The Heroes or Greek Fairy Tales for my Children

Page: 77

Then they hammered together till the greenwoods rang; but the metal was tougher than the pine, and Sinis’ club broke right across, as the bronze came down upon it. Then Theseus heaved up another mighty stroke, and smote Sinis down upon his face; and knelt upon his back, and bound him with his own cord, and said, ‘As thou hast done to others, so shall it be done to thee.’ Then he bent down two young fir-trees, and bound Sinis between them for all his struggling and his prayers; and let them go, and ended Sinis, and went on, leaving him to the hawks and crows.

Then he went over the hills toward Megara, keeping close along the Saronic Sea, till he came to the cliffs of Sciron, and the narrow path between the mountain and the sea.

And there he saw Sciron sitting by a fountain, at the edge of the cliff. On his knees was a mighty club; and he had barred the path with stones, so that every one must stop who came up.

Then Theseus shouted to him, and said, ‘Holla, thou tortoise-feeder, do thy feet need washing to-day?’

And Sciron leapt to his feet, and answered—‘My tortoise is empty and hungry, and my feet need washing to-day.’ And he stood before his barrier, and lifted up his club in both hands.

Then Theseus rushed upon him; and sore was the battle upon the cliff, for when Sciron felt the weight of the bronze club, he dropt his own, and closed with Theseus, and tried to hurl him by main force over the cliff. But Theseus was a wary wrestler, and dropt his own club, and caught him by the throat and by the knee, and forced him back against the wall of stones, and crushed him up against them, till his breath was almost gone. And Sciron cried panting, ‘Loose me, and I will let thee pass.’ But Theseus answered, ‘I must not pass till I have made the rough way smooth;’ and he forced him back against the wall till it fell, and Sciron rolled head over heels.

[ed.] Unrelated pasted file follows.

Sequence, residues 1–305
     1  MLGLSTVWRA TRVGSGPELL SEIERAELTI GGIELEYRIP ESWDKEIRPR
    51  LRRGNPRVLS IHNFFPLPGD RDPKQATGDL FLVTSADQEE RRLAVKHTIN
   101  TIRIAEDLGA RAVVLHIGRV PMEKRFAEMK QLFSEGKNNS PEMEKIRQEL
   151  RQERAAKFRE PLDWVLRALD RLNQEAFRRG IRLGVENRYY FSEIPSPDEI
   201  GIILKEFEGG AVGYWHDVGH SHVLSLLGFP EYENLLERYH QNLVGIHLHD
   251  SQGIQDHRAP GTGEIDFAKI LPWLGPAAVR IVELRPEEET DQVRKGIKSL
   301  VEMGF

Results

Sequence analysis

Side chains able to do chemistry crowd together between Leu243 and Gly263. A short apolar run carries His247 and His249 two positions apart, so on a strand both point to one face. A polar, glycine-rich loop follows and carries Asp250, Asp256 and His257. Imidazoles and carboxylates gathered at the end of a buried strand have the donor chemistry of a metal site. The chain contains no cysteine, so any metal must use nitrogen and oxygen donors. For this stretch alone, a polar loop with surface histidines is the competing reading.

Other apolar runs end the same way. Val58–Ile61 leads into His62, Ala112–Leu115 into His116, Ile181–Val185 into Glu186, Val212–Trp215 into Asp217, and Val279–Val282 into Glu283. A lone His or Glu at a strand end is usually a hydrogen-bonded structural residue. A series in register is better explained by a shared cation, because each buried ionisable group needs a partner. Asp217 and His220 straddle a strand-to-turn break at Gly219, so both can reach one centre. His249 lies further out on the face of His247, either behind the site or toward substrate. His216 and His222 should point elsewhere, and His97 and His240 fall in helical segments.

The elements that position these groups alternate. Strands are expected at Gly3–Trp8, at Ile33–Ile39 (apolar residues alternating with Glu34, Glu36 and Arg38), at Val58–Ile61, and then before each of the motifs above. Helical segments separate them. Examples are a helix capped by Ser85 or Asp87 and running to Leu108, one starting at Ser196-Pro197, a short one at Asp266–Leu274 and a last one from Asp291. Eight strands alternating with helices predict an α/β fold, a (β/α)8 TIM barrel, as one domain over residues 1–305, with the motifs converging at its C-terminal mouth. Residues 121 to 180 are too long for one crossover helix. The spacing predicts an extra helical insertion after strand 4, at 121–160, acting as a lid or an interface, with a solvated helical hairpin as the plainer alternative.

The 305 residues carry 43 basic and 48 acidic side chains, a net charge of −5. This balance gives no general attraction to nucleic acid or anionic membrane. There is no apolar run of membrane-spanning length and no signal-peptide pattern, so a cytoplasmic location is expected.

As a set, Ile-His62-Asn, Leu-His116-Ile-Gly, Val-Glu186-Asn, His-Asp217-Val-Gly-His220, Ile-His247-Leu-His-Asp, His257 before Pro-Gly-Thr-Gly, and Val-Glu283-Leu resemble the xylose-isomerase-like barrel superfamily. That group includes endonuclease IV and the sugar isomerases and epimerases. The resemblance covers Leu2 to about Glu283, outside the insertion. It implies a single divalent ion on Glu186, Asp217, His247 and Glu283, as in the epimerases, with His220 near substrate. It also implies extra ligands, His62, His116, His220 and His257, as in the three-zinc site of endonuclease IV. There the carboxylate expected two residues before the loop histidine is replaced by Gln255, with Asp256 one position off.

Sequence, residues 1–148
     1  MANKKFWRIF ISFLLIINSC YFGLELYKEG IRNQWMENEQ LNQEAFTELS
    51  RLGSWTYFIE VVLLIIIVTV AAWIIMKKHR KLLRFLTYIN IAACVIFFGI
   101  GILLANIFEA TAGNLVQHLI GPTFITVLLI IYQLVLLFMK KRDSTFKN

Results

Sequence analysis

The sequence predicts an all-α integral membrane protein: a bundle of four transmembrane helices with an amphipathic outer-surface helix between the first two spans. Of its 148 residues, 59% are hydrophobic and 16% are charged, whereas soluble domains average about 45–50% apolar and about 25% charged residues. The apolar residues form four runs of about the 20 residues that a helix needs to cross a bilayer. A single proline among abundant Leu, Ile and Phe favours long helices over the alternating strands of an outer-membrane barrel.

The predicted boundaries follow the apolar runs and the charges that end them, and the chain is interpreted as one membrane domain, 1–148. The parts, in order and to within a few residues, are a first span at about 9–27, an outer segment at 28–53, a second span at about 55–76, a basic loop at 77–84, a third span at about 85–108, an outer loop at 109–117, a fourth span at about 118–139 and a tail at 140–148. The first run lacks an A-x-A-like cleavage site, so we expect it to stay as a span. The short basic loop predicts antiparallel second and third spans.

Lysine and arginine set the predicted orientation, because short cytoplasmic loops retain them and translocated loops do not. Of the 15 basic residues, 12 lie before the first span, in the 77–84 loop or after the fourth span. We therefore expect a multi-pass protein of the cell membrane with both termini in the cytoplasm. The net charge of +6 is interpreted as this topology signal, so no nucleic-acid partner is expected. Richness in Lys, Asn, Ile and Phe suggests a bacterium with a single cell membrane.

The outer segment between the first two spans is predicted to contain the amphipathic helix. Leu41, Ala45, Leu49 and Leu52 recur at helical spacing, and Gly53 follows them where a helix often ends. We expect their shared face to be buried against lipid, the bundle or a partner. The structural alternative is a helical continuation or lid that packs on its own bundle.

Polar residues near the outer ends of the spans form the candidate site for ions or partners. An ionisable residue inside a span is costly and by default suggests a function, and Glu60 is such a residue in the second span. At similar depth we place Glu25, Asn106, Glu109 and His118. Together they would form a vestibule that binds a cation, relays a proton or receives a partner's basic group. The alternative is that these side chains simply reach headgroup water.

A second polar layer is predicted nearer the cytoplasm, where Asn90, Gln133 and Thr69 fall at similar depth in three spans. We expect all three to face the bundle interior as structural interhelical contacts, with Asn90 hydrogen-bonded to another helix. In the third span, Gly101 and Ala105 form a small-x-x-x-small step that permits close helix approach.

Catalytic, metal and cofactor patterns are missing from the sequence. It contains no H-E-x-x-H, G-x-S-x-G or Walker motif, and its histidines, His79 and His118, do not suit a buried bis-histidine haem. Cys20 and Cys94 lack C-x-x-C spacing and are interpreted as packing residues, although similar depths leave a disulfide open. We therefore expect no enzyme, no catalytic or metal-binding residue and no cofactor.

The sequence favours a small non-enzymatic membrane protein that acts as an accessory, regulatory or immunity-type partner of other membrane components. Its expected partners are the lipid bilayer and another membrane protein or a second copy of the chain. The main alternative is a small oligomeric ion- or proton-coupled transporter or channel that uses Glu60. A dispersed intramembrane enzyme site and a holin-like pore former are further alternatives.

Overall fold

Then Theseus lifted him up all bruised, and said, ‘Come hither and wash my feet.’ And he drew his sword, and sat down by the well, and said, ‘Wash my feet, or I cut you piecemeal.’

And Sciron washed his feet trembling; and when it was done, Theseus rose, and cried, ‘As thou hast done to others, so shall it be done to thee. Go feed thy tortoise thyself;’ and he kicked him over the cliff into the sea.

And whether the tortoise ate him, I know not; for some say that earth and sea both disdained to take his body, so foul it was with sin. So the sea cast it out upon the shore, and the shore cast it back into the sea, and at last the waves hurled it high into the air in anger; and it hung there long without a grave, till it was changed into a desolate rock, which stands there in the surge until this day.